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An adversarial process is one that supports conflicting one-sided positions held by individuals, groups or entire societies, as inputs into the conflict resolution situation, typically with rewards for prevailing in the outcome. Often in the form of the process assumes a game-like appearance.
The use of a voting system to choose candidates to hold political and military power is often necessarily adversarial. This process requires each candidate to convince voters that they are more trustworthy in the expected future circumstances, than their opponent.
Adversarial politics takes place when one party (usually not in government) takes the opposite (or at least a different) opinion to that of the other (usually the government) even when they may personally agree with what the government is trying to do.
Those opposed to adversarial politics believe that politicians should state what they actually think rather than following the 'party line'. They consider adversarial politics to be cynical and intolerant, with ‘winning’ the driving principle versus attempting to establish the truth. Politicians captivated by the ‘struggle for victory’ corrupt the ideals that brought them into politics in the first place.
Adversarial politics is often blamed for turning the electorate away from politics and their right to participate in the democratic process of their country through voting at elections.
In the US, huge fundraising for presidential elections increasingly results in campaigns focused on personalities versus honest debate, and trading insults versus addressing substantive issues.
In the UK the most obvious example is Prime Minister's Questions, a weekly session where the two main party loudly confront each other.
Adversarial legal process
The use of an adversarial process by the criminal or civil court to decide the social attitude to an alleged wrongdoing of a defendant, penalties to be imposed, and restitution to be awarded to their deemed victim often depends on the adversarial witness questioning. This is adversarial as the opposing attorneys are competing to convince the judge to include or exclude evidence or witnesses, and competing to convince the judge or jury of the guilt or innocence of the defendant, and severity of the impact of the actions (if guilty) on the plaintiff or victim. Lawyers must be held to rather specific ethical codes, e.g. rules of civil procedure, to ensure that their tactics do not cause an undue burden on larger society, e.g. freeing defendants who have admitted that they are not only guilty but intend to offend again. Lawyers differ on whether the process should be seen as strictly adversarial, in order to ensure they retain the trust of clients and the overall process retains the trust of society, or whether the ethics of the larger society should play a role in their behavior.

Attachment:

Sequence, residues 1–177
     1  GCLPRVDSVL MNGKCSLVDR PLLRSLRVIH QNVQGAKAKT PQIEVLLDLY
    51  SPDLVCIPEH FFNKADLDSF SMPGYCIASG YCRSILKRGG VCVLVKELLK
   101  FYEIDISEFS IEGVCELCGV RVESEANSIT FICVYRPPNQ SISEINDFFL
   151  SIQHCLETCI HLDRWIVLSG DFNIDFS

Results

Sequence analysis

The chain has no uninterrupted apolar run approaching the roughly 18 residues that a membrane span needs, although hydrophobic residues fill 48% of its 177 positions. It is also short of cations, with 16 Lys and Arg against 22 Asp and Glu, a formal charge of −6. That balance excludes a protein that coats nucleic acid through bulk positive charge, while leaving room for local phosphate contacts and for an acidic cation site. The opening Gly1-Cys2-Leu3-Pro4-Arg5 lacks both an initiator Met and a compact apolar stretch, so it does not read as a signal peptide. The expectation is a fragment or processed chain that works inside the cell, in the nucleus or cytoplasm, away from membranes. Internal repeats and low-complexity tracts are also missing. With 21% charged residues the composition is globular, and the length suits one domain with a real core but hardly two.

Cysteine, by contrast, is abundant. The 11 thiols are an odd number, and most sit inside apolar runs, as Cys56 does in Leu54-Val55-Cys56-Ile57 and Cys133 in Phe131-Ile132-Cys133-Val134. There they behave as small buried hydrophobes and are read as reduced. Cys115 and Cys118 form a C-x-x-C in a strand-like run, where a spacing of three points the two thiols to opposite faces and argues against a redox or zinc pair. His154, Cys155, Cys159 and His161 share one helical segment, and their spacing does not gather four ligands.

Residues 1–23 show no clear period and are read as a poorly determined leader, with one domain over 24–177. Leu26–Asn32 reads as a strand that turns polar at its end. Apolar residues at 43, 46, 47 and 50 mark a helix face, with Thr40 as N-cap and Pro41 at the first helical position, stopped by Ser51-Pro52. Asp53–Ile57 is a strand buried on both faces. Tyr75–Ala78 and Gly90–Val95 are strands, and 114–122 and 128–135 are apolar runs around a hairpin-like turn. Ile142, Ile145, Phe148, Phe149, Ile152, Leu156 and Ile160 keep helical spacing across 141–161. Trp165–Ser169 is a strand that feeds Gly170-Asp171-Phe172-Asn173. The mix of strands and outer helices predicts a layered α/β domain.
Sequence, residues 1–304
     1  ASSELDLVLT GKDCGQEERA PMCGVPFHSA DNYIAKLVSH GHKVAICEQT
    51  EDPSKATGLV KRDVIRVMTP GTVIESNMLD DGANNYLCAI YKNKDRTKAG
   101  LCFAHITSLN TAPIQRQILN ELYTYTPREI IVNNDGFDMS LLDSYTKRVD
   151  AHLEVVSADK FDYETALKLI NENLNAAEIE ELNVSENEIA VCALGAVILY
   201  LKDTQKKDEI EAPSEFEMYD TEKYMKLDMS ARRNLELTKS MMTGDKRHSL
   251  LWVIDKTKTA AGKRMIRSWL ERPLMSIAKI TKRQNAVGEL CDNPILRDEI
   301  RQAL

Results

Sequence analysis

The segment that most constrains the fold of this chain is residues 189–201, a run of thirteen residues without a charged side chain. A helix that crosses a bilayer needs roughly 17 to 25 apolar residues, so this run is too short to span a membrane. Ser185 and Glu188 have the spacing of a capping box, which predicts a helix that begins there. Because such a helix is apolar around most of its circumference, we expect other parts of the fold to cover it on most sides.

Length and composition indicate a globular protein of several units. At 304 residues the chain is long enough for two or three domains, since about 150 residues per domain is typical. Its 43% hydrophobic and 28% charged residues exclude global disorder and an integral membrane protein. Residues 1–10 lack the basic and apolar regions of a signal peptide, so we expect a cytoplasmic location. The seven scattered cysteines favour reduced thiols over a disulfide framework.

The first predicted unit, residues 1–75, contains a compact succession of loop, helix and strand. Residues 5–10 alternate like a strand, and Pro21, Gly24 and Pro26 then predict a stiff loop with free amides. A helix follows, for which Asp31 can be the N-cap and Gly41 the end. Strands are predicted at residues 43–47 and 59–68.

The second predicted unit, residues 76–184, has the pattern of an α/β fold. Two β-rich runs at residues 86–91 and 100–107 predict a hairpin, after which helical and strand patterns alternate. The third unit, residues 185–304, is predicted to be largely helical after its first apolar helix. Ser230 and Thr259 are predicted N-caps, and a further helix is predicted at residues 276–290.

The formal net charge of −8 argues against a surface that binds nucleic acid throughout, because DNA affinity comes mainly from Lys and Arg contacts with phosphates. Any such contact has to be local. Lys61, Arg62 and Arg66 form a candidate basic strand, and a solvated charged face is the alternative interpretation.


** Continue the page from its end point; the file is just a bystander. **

A third example of an adversarial process is the operation of market systems, e.g. commodity markets. In these, bid and ask prices are constantly compared, with sellers representing goods as being valuable and buyers haggling and claiming they are less valuable. Product markets tend to focus on the comparison of sellers' products with other sellers' products—the adversarial process itself making trustworthy information, e.g. as published in Consumer Reports or the Better Business Bureau, hard to compile and to obtain. Health advocates[who?] often claim that market systems are very difficult to reconcile with food, nutrition, agriculture or medicine's need to work well with living systems—a key complaint of the anti-globalization movement.
The alternatives, including consensus decision making and deliberative democracy (which tend to alternate adversary, discussion, and voting over a longer period of time allocated to make the decision and explore implications), are ancient. However, they are less well studied in political science and economics. Most commentators[who?] are suspicious of the utopian goals of the advocates of such non-adversarial processes, viewing competition as essential to a good result.
Other activists argue that adversarial process works well and should probably be expanded to areas that are presently less adversarial. For instance they advocate "science courts" and "prediction markets" that would force the scientist, economist and technologist to put reputations and money on the line, rather than trusting them based on reputation without a disciplined follow-up to see if they were right or wrong. These ideas are increasingly popular in part because such alternative courts and markets can be easily started up on the Internet.
This article needs additional citations for verification. (September 2016) (Learn how and when to remove this template message)
- p.54, MacNeil
- MacNeil, Heather, Trusting Records: Legal, Historical and Diplomatic Perspectives, Springer, 2000